Am still waiting for support for your claim to the contrary.

These things aren't contradictory, right? The OP says education investment doesn't change outcomes, and the OECD says inequality changes education attained but doesn't say anything about an effect on outcomes (it sounds like "skills" means grades or test scores rather than job performance).

Also, does anyone else find it weird that the observed growth effect stems from inequality between the average and the slightly below average, and has nothing to do with high earners? What's all the concern with the one percent? Apparently we ought to be concerned about the 40 percent... That's a little hard to understand. Maybe people who perceive themselves as dependent on government benefits (the lower half) are envious of the self sufficient (the upper half)? I'd suggest that their math is wrong - 80 or 90 percent of us are net recipients.

Dear Lord, The report says that education effects for the wealthy do not change their outcomes. It does find that education effects do change outcomes for poorer people, but it also says that if you are poor, you are less likely to have educational benefits.

When Crampton (or the OECD) writes "X hurts Y", a causal relationship is implied. How did the OECD team establish causality? This kind of analysis typically ignores the identification problem and mistakes correlation for causation.

You could just as easily conclude that "Growth reduces inequality".

"They find that net inequality (after tax-and-transfer) hurts economic growth…"

Did they find that net inequality "hurts", i.e. has a negative causative effect on, growth, or merely that it correlates with slower growth?

There is no way for data to demonstrate causality. Correlation only.

Solow had an interesting if a bit rambling take on the connection between investment and growth and the source of growth in general in a recent Econ Talk. He sort of draws out a distinction between investment in capital and innovation. In some regimes growth can be constrained by insufficient investment in captial to actualize innovative concepts, but in other regimes what is being constrained is the innovative incentive - competition perhaps, playfulness perhaps, reward for innovation perhaps.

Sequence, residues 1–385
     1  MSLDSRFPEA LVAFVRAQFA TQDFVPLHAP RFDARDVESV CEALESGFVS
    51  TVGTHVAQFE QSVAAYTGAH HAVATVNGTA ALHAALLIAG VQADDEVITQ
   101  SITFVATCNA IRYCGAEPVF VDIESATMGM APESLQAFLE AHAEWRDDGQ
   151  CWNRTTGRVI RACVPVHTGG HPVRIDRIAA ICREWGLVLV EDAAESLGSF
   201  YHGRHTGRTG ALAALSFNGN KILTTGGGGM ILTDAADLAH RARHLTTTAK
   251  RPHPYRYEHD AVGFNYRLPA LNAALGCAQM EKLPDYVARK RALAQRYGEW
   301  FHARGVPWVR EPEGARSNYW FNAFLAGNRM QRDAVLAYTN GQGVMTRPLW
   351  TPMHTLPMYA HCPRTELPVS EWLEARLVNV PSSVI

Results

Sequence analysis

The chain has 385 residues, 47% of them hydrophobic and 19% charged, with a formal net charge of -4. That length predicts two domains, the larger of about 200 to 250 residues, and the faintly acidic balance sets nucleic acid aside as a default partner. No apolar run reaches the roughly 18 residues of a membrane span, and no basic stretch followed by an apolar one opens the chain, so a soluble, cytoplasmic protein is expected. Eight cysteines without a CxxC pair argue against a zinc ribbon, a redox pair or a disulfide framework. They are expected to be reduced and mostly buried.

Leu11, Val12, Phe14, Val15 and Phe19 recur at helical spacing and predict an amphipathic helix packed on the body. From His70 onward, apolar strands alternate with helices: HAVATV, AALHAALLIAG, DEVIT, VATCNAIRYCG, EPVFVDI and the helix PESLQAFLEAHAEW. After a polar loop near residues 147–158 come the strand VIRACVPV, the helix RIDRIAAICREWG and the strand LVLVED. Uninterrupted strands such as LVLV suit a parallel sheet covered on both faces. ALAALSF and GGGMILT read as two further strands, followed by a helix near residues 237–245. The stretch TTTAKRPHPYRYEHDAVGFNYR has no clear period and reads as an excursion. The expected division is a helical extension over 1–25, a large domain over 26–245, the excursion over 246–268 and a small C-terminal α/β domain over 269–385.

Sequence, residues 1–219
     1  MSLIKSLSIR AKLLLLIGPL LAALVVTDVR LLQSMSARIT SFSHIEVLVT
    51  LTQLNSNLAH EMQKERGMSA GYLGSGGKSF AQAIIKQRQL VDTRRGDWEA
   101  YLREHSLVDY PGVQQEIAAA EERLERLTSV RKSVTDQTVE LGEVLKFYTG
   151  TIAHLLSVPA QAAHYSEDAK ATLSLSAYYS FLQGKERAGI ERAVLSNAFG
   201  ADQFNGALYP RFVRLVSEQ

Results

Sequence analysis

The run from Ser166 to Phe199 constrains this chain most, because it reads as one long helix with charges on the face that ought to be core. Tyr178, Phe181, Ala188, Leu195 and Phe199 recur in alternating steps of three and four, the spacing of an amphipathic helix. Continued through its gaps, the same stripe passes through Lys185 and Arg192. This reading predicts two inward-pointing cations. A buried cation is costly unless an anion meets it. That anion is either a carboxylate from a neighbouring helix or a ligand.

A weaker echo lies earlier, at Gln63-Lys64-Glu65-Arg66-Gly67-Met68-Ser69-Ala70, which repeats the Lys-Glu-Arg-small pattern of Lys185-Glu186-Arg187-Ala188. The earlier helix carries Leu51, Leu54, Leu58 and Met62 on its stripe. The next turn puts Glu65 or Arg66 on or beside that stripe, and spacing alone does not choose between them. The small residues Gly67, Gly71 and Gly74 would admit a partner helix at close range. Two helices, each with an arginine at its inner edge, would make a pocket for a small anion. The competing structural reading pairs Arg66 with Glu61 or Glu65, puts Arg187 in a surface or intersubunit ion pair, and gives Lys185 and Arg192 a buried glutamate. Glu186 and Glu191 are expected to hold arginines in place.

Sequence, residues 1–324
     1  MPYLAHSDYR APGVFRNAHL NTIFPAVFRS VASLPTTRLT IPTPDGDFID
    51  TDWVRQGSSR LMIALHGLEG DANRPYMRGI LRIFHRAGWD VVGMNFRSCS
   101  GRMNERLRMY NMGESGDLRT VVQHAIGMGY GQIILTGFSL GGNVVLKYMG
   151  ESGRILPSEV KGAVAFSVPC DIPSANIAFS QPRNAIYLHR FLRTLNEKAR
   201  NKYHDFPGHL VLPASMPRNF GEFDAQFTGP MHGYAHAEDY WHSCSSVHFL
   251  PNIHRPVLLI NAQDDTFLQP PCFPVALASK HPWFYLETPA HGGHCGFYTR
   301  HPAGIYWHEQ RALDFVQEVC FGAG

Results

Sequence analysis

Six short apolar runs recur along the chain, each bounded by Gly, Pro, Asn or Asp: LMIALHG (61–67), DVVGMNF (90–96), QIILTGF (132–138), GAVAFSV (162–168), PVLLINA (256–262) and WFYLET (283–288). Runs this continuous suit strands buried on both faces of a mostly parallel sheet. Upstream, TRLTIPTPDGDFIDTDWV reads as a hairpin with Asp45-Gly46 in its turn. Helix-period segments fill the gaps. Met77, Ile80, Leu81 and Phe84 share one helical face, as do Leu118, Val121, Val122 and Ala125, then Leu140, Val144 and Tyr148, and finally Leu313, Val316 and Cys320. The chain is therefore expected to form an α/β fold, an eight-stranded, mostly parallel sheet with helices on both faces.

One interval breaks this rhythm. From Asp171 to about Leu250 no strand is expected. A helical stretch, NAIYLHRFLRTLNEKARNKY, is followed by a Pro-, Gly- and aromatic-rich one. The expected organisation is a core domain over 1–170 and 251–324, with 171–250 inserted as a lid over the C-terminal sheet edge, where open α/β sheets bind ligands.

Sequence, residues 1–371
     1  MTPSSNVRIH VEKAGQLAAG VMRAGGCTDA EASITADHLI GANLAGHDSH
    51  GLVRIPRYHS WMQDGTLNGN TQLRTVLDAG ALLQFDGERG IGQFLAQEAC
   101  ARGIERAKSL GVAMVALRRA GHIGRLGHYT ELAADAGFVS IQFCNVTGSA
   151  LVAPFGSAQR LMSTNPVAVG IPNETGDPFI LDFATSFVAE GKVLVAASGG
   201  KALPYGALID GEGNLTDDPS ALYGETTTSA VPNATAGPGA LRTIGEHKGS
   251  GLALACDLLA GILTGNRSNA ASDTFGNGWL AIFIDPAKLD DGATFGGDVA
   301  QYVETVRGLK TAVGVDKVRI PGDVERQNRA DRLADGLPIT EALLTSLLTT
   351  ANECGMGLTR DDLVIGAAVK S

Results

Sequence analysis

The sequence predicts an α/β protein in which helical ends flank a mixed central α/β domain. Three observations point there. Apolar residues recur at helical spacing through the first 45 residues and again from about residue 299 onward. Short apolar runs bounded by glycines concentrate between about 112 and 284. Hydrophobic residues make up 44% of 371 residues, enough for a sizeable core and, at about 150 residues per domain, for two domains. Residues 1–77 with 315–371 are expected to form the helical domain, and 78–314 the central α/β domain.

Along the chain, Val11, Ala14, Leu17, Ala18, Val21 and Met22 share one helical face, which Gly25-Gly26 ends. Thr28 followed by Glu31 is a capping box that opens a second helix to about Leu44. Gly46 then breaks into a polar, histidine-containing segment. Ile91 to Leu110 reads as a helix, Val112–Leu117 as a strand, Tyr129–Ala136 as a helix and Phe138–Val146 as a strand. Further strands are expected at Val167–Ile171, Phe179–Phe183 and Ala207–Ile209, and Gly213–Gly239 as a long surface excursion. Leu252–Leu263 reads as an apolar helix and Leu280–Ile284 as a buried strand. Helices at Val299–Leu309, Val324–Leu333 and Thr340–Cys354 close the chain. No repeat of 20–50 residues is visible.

"Technological change itself, I think, comes from, at the beginning, Research and Development activity. In a capitalist economy, our economy, business firms are always looking for an advantage, or looking for a way to increase their profits to get ahead of the competition, if there is competition. And one of the ways they try to do that is to improve, is to reduce costs--put it that way. To find cheaper ways of producing what they now produce. And another path toward improving profits and gaining competitive advantage is by inventing, designing newer and better products. Now, here I want to digress for a minute. It occurred to me very early on, and I wrote about this, that new technology often needs ordinary plain vanilla capital investment in order to become real. If you design a new way to produce whatever you are producing, it may be the case that in order to actually make good, perform, on that new method, you need different machinery, different factory layout. You need ordinary capital investment. And I tried, and succeeded in a way, very early on, in working out a way of incorporating this fact in the theory. The interesting thing is that it still turned out, when you looked at the very long run, that it was still the rate of technological improvement that governed the long term, really long term, rate of growth. And the explanation for this turned out to be that what you can--if you are trying to conceptualize this, if you are trying to think about it--the fact that you need ordinary capital investment to embody, to really have--make good on--make a new technology effective, what you are really doing is making the age distribution of the stock of capital goods, you are shifting it toward the younger end. You can think of the population of machinery and capital goods like a human population, as having an age distribution. Young ones, then middle age ones, and eventually old enough to either be obsolete or physically useless. And what this connection between new technology and plain vanilla capital investment says that in order to move toward a newer technology you have to make the age distribution of the stock of capital goods shift in the younger direction. That can't go on forever. There are limits to the capacity of any economy to product young capital goods, just as there are limits to a human population's capacity to produce young kids. And in the long enough run, what this--when you incorporate this in the story, you don't change the story about the long-term, the permanent rate of growth. But you do change the mechanics of it. So, in the end, I think what you have to say, or as it seems to me, is that the source of technological change is research and development"